# CMU 15-112: Fundamentals of Programming and Computer Science Class Notes: Graphics in Tkinter

Notes
• We will only run graphics in Standard Python. These examples will not run in Brython.
• The standard Python documentation for tkinter can be hard to read. You can find our preferred documentation here (see chapter 8 on "The Canvas Widget").

1. Create an Empty Canvas
import basic_graphics def draw(canvas, width, height): pass # replace with your drawing code! basic_graphics.run(width=400, height=300)
Result:

For the examples below, simply use this skeleton and replace the draw function with the one provided.

2. Canvas Coordinates
3. Note: unlike in math, the y axis grows down instead of up. Thus, (0, 0) is at the top left corner of the canvas.

4. Draw a Line
def draw(canvas, width, height): # create_line(x1, y1, x2, y2) draws a line from (x1, y1) to (x2, y2) canvas.create_line(25, 50, width/2, height/2)
Result:

5. Draw a Rectangle with create_rectangle(left, top, right, bottom)
def draw(canvas, width, height): # The first four parameters are the upper-left (x,y) # and the lower-right (x,y) of the rectangle canvas.create_rectangle(0,0,150,150)
Result:

6. Graphics Parameters
def draw(canvas, width, height): # most graphics functions allow you to use optional parameters # to change the appearance of the object. These are written with the code # paramName=paramValue # after the core parameters in the code # fill changes the internal color of the shape canvas.create_rectangle( 0, 0, 150, 150, fill="yellow") # width changes the size of the border canvas.create_rectangle(100, 50, 250, 100, fill="orange", width=5) # outline changes the color of the border canvas.create_rectangle( 50, 100, 150, 200, fill="green", outline="red", width=3) # width=0 removes the border entirely canvas.create_rectangle(125, 25, 175, 190, fill="purple", width=0)
Result:

7. Draw Other Shapes and Text
def draw(canvas, width, height): # ovals provide the coordinates of the bounding box canvas.create_oval(100, 50, 300, 150, fill="yellow") # polygons and lines provide the (x,y) coordinates of each point # polygons must have 3+ points; lines must have 2+ canvas.create_polygon(100,30,200,50,300,30,200,10, fill="green") canvas.create_line(100, 50, 300, 150, fill="red", width=5) # text provides a single (x,y) point, then anchors the text there # text also requires the text, and can have a font canvas.create_text(200, 100, text="Amazing!", fill="purple", font="Helvetica 26 bold underline") canvas.create_text(200, 100, text="Carpe Diem!", anchor="sw", fill="darkBlue", font="Times 28 bold italic")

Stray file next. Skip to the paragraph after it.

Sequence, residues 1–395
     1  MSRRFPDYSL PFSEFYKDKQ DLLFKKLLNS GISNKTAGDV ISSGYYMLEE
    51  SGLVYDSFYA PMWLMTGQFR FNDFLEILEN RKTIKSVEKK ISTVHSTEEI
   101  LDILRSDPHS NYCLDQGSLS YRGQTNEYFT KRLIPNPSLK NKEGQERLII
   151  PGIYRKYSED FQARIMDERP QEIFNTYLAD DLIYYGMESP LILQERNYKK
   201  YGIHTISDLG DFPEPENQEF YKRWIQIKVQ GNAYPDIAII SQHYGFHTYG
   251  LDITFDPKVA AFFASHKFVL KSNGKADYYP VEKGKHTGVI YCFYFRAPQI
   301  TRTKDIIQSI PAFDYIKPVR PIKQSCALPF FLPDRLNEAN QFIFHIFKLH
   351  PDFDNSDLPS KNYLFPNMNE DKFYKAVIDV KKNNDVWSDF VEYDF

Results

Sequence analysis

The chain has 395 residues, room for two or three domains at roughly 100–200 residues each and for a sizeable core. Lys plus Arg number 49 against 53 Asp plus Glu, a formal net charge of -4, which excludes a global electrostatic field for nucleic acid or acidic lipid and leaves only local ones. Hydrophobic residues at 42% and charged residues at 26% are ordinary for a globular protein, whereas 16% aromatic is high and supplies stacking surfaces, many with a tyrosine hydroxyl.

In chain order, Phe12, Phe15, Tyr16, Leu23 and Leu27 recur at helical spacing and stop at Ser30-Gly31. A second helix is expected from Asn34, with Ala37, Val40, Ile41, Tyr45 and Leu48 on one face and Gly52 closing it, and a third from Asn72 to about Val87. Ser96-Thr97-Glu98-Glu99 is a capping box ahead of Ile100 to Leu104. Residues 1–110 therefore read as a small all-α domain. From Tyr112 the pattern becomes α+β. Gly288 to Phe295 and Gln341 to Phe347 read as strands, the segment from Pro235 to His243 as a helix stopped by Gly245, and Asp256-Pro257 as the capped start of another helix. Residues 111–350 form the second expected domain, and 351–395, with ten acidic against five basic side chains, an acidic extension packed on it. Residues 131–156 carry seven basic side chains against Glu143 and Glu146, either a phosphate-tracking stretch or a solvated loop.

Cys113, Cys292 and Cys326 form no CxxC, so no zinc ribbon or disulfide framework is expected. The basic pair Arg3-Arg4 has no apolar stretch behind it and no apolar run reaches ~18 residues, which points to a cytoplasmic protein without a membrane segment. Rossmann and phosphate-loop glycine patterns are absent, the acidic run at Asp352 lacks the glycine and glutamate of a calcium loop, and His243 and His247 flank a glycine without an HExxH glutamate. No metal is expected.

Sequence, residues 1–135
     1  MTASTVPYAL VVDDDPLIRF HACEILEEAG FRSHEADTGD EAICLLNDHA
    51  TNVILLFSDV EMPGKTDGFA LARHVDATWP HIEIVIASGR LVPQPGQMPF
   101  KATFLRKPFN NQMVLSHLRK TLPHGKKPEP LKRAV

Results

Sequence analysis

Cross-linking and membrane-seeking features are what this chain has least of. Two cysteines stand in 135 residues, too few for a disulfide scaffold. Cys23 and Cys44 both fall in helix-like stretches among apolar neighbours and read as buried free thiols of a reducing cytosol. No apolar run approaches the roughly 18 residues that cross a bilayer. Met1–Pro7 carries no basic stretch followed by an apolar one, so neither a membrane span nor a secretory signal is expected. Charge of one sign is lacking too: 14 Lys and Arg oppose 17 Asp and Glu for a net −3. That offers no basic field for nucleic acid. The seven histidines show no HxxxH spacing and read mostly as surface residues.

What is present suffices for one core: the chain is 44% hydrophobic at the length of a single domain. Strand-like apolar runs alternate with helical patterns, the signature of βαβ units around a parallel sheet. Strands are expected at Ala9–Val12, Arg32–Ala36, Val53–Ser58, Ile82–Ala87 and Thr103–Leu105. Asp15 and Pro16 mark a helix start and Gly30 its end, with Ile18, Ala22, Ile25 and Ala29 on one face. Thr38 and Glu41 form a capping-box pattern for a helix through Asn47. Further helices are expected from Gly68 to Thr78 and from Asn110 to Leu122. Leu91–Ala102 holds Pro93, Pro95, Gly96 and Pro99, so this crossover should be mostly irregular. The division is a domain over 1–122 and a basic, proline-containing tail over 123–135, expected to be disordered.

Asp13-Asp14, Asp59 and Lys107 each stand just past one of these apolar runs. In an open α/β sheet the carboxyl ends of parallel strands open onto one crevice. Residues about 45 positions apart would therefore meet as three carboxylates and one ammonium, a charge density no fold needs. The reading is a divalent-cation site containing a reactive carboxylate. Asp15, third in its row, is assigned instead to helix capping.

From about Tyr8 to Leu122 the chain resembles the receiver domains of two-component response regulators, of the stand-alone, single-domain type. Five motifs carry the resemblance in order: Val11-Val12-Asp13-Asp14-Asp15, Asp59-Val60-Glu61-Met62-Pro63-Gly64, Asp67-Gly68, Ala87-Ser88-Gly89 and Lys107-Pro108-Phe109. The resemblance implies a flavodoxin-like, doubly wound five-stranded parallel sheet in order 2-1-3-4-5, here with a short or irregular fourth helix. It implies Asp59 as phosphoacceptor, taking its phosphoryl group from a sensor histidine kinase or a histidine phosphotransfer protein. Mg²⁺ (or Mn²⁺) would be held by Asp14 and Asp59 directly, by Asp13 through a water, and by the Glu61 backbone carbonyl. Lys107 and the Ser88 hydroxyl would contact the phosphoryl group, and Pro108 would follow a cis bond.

Result:

8. Draw Custom Colors
def rgbString(red, green, blue): # Don't worry about how this code works yet. return "#%02x%02x%02x" % (red, green, blue) def draw(canvas, width, height): pistachio = rgbString(147, 197, 114) maroon = rgbString(176, 48, 96) canvas.create_rectangle(0, 0, width/2, height/2, fill=pistachio) canvas.create_rectangle(width/2, height/2, width, height, fill=maroon)
Result:

9. Draw Centered Shapes
def draw(canvas, width, height): margin = 10 # Approach #1: Add margin to top/left, subtract margin from bottom/right: canvas.create_rectangle(margin, margin, width-margin, height-margin, fill="darkGreen") # Approach #2: add/subtract width/height from center (cx, cy) (cx, cy) = (width/2, height/2) (rectWidth, rectHeight) = (width/4, height/4) canvas.create_rectangle(cx - rectWidth/2, cy - rectHeight/2, cx + rectWidth/2, cy + rectHeight/2, fill="orange")
Result:

10. Graphics Helper Functions
def drawBelgianFlag(canvas, x0, y0, x1, y1): # draw a Belgian flag in the area bounded by (x0,y0) in # the top-left and (x1,y1) in the bottom-right width = (x1 - x0) canvas.create_rectangle(x0, y0, x0+width/3, y1, fill="black", width=0) canvas.create_rectangle(x0+width/3, y0, x0+width*2/3, y1, fill="yellow", width=0) canvas.create_rectangle(x0+width*2/3, y0, x1, y1, fill="red", width=0) def draw(canvas, width, height): # Draw a large Belgian flag drawBelgianFlag(canvas, 25, 25, 175, 150) # And draw a smaller one below it drawBelgianFlag(canvas, 75, 160, 125, 200) # Now let's have some fun and draw a whole grid of Belgian flags! flagWidth = 30 flagHeight = 25 margin = 5 for row in range(4): for col in range(6): left = 200 + col * flagWidth + margin top = 50 + row * flagHeight + margin right = left + flagWidth - margin bottom = top + flagHeight - margin drawBelgianFlag(canvas, left, top, right, bottom)
Result:

11. Dynamically sizing text